- Identify Potential Facility Threats And Emergencies
Training For Emergency Preparedness
- Communication During An Emergency
Having the necessary supplies is essential for any contingency plan, particularly those that cover natural disasters. But when it comes to imminent dangers, such as an active shooter or a bomb scare, the most important provision is preparing staff to react quickly and calmly under pressure.
“Education is best for those types of situations,” notes Spencer. “If there’s a shooter, we tell people not to be a hero. Take shelter, and make yourself scarce.”
At Virginia Beach City Public Schools custodians take on a more active role.
“During a bomb drill, custodians check restrooms, foyers, cafeterias and storage areas, because they know what should be in these areas and what might look suspicious,” says Ames. “If there’s a lockdown, they’re responsible for checking the restrooms for kids. If they find any children, they’re responsible for taking them to the nearest room and locking them inside.”
Environmental services staff is put to the test during active shooter drills at Mercy St. John’s Hospital in Springfield, Missouri.
“We’re trained to shut and lock our doors if we can, then hide and be quiet,” says Doug Green, regional director of environmental services. “During training simulations, a ‘designated shooter’ walks through the building, and if they see you and give you a card, you’re dead.”
Roles are reversed for “Code Adam” or baby abduction drills: Instead of hiding, employees seek out the designated abductor.
“When they hear the description of the abductor [on the intercom], everyone moves into the hall and looks for that person,” says Green. “If they see them, they’re trained to follow them and call security.”
Practice drills at University of Washington in Seattle take the form of choreographed events that cover a wide range of catastrophic scenarios, from active shooters to people trapped in an elevator.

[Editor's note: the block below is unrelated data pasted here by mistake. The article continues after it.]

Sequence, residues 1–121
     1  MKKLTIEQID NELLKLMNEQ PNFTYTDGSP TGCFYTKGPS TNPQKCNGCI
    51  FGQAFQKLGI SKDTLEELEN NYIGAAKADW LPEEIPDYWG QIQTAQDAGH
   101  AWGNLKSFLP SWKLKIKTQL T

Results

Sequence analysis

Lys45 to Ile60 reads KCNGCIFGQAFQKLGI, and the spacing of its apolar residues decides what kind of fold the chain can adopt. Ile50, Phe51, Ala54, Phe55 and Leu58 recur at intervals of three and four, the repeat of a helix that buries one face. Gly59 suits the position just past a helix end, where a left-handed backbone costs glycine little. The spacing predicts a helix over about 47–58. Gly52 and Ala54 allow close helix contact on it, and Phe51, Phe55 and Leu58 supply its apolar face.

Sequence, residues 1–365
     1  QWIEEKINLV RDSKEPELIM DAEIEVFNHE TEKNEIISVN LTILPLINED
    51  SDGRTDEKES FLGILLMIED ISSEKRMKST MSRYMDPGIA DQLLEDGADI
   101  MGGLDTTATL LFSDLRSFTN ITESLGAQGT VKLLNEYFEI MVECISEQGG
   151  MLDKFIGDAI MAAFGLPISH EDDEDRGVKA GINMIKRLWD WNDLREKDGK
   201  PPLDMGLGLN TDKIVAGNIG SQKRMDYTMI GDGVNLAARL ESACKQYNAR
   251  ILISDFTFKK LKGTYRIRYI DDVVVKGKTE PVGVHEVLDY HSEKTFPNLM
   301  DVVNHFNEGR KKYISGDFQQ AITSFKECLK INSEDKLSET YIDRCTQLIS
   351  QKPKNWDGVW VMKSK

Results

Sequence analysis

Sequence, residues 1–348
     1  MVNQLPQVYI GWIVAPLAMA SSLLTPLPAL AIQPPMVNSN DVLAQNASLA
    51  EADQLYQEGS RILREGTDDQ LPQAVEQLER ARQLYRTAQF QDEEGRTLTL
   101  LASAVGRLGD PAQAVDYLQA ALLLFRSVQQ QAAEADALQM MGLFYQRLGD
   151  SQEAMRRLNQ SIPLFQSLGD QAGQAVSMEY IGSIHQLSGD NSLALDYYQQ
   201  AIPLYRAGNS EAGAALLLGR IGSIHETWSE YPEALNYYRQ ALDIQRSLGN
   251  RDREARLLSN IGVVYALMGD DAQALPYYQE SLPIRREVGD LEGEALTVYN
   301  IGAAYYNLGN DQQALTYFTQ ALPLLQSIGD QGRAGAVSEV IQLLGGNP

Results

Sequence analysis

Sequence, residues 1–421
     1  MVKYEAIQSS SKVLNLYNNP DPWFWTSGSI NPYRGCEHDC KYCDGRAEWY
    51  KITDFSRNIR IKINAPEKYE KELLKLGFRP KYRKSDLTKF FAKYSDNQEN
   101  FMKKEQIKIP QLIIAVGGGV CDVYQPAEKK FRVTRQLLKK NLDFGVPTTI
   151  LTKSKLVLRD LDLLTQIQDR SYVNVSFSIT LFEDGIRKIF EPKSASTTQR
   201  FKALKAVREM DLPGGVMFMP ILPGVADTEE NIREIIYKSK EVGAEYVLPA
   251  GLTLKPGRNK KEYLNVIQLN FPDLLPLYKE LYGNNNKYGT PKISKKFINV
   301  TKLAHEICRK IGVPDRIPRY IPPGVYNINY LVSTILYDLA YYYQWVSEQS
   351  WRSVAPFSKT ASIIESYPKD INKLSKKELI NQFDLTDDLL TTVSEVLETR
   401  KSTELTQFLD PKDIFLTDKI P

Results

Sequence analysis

“These are intense, all-day exercises — and they can be chaotic,” admits Gene Woodard, director of building operations. “But the more you raise awareness of these events and talk about them on an ongoing basis, the better prepared you’ll be.”
Stranded On Site
Emergency protocols should also account for employees that may be quarantined or stranded on site for an extended period of time following a disaster.
Spencer was instrumental in writing State Farm’s pandemic plan, and — although the plan was not enacted — the company was on high alert during the most recent avian flu outbreak.
“We envisioned the worst-case scenario, and that’s what we made our provisions for,” says Spencer. State Farm coordinated with a food service company to provide pre-wrapped sandwiches if cafeteria provisions were depleted. The company also had plenty of potable water and clothing, as well as showers and areas where people could sleep in the building.
But those provisions alone won’t prevent the spread of the pandemic. Education is essential.
“As a facility manager, you can take care of the facility, but you can’t always take care of people,” says Spencer. “Sometimes people have to take care of themselves. So in our plan we include the process of educating employees about high-touch points and what to do during a pandemic, such as washing hands frequently and sneezing into your elbow.”
Purchasing supplies for workers who may be stranded on site can be costly. University of Washington recently invested $6,000 in three-day emergency rations and water for its custodial services team. According to Woodard, the university took into account a 14 to 15 percent absenteeism rate for its 290 custodians when calculating how many ounces of water each person would need. The rations, which are strategically scattered throughout campus, have a shelf life of five years.
“If we’re stranded here, more than likely, our family members are stranded at home, and we’ll be worried about them,” notes Woodard. “So we talk to our team members a lot about the communication plan in the event of an emergency and having a family member to contact outside the Seattle area, because chances are we won’t be able to communicate locally.”
Identify Potential Facility Threats And Emergencies
Communication During An Emergency
Disclaimer: Please note that Facebook comments are posted through Facebook and cannot be approved, edited or declined by CleanLink.com. The opinions expressed in Facebook comments do not necessarily reflect those of CleanLink.com or its staff. To find out more about Facebook commenting please read the Conversation Guidelines.